3) explore the logic of charitable action and investigate how government policy and direct expenditures influence philanthropic decisions, impact the management of charitable entities, and/or affect the processes of social learning in communities;
4) focus on how non-profits actually engage in rational activity without engaging in rational economic calculation, including case studies that examine social learning in non-profits or the use of social networks/social media to foster a more robust civil society; and/or
5) shed light on contemporary issues in public policy such as the rationale for tax-exemption and the charitable deduction or the recent claims that government support for charitable activity makes for good economic policy.
Deadline for Submission: June 1, 2014
Please submit abstracts or papers to the conference committee at [email protected].
To be considered for inclusion in the conference program, all proposals must be submitted by June 1, 2014. Acceptance decisions will be made by July 1, 2014.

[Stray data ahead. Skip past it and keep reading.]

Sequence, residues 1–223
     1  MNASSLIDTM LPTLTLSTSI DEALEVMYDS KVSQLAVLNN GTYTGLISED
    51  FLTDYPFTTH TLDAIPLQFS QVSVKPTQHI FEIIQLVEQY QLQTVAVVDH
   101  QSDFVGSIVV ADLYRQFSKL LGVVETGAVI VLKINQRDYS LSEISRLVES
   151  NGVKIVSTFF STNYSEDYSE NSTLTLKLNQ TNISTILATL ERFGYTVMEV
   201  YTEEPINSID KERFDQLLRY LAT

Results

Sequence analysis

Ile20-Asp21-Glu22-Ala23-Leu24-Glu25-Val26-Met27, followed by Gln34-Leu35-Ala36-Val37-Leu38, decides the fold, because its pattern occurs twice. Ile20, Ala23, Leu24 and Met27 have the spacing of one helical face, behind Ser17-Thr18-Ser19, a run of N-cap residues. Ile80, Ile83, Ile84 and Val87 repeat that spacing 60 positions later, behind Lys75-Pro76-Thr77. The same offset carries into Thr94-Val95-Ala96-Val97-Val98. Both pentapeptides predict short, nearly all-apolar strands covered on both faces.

Participants are encouraged to attend the entire program, which will open with a keynote address and reception on Thursday night, November 6, 2014 and continue through lunch on Saturday, November 8, 2014. Further details regarding travel stipends for presenters, lodging, and other logistics will soon be available on the conference web site. Please be advised that submission of a proposal will not guarantee inclusion into the final program.
Non-presenters interested in attending should contact
Lenore Ealy ([email protected]) or 888-894-8400.